STOCKHOLM (Reuters) - Iceland stunned the footballing world by knocking England out of Euro 2016 on their way to the quarter-finals but if they are to enjoy similar success at the World Cup finals they will need attacking midfielder Gylfi Sigurdsson back at full fitness.
The 28-year-old is the exception in a dogged, disciplined Icelandic team that is built to be more than the sum of its parts, and in the absence of a penalty-box predator, his attacking talents often provide the spark for their goals.
However, a knee injury sustained while playing for Everton in March has proved hard to shake off. He has been unable to play for the club since and three months without competitive action is not the best preparation for the World Cup.
With his athletic frame, superb technique and good vision, Sigurdsson adds that extra bit of zest to the counter-attacks that Iceland depend on.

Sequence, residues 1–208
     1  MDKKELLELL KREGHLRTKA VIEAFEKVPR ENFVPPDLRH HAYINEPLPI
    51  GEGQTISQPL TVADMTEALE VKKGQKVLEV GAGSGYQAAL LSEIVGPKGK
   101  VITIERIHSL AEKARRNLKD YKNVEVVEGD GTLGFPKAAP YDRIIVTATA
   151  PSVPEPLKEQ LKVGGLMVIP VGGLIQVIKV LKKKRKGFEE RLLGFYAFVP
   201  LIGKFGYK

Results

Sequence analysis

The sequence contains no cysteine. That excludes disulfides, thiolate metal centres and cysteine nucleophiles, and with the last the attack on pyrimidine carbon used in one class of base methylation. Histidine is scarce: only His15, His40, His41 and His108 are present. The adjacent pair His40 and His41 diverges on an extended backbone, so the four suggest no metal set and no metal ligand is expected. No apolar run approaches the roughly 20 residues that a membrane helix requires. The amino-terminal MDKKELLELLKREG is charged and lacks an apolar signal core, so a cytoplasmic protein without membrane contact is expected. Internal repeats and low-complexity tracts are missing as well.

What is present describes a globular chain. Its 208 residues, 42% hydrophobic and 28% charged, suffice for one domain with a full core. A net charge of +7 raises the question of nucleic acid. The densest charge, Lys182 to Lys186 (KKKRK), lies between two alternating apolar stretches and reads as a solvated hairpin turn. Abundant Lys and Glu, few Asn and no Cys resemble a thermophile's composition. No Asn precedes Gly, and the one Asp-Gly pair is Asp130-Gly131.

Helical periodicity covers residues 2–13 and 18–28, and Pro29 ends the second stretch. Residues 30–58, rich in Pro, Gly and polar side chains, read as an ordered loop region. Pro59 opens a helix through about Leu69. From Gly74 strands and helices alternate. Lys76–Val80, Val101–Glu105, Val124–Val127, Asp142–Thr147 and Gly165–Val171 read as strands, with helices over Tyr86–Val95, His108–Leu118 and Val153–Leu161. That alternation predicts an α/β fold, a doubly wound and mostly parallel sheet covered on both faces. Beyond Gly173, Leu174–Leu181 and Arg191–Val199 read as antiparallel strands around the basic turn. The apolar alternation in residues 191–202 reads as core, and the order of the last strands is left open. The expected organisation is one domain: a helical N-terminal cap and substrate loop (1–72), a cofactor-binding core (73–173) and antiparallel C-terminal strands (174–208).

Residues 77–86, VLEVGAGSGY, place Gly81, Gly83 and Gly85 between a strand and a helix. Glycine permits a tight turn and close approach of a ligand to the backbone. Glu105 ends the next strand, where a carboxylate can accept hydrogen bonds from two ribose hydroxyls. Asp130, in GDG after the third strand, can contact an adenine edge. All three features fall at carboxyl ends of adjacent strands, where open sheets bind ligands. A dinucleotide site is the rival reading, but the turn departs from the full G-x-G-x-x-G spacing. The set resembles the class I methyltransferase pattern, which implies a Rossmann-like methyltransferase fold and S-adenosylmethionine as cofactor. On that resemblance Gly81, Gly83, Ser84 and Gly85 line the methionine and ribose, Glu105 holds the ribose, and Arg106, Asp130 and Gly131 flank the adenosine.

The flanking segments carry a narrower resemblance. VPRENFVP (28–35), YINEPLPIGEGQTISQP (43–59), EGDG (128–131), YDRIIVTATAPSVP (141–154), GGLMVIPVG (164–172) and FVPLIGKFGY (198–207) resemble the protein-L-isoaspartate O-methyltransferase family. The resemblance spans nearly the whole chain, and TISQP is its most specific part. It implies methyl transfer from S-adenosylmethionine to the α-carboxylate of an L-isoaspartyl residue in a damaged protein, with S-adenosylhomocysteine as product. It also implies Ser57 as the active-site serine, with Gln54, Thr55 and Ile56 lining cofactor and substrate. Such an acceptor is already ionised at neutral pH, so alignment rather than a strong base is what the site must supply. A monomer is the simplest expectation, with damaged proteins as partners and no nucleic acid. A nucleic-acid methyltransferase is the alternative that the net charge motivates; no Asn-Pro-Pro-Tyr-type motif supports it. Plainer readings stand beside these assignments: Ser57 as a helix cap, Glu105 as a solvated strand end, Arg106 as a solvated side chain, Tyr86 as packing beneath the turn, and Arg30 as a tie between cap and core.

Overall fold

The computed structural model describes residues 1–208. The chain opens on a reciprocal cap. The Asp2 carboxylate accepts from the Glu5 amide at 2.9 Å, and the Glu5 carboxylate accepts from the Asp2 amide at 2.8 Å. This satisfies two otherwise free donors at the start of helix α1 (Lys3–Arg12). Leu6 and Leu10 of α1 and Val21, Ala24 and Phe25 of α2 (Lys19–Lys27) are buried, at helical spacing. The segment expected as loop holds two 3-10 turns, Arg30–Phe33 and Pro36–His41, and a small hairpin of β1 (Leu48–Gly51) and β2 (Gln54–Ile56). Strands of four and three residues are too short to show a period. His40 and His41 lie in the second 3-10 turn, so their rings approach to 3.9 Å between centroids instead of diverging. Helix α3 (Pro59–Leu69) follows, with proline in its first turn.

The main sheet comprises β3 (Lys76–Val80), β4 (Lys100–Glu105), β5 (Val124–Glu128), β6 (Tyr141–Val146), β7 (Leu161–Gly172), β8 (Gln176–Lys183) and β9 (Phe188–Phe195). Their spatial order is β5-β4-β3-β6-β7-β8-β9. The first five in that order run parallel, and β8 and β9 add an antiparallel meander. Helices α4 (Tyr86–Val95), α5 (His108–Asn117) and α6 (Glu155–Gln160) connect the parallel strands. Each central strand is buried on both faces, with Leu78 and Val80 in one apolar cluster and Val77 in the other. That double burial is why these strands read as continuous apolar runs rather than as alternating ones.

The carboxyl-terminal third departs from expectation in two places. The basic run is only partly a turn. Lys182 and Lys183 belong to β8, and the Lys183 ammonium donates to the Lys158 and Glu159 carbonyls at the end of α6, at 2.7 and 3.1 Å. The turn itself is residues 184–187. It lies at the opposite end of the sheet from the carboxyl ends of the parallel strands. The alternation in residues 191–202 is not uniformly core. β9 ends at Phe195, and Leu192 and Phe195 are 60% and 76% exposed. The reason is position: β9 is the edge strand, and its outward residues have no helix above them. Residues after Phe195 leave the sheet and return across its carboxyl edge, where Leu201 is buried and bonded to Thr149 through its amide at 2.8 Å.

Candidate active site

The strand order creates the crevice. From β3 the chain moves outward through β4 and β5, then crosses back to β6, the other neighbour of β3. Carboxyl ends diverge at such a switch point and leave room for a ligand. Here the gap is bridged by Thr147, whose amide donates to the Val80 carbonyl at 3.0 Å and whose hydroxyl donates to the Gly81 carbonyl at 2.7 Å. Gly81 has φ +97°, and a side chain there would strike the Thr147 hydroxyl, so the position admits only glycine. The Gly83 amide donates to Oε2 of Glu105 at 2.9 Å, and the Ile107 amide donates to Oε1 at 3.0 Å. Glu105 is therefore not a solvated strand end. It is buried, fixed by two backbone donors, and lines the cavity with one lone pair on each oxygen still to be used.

He honed his skills at Reading, Swansea and Tottenham Hotspur before joining Everton, and also had a spell with 1899 Hoffenheim in Germany.
With chances likely to be at a premium in Russia and striker Kolbeinn Sigthorsson also suffering a knee injury, what Iceland need most from Sigurdsson is his nose for goal.
He has netted 18 goals in 55 games for Iceland who, despite winning their group, scored only 16 goals in their 10 World Cup qualifiers, with Sigurdsson nabbing four of them.
With his dead ball skills also indispensable, the entire island nation will be hoping he is fit to captain the team when they open their campaign against Argentina on June 16.
Editing by Peter Rutherford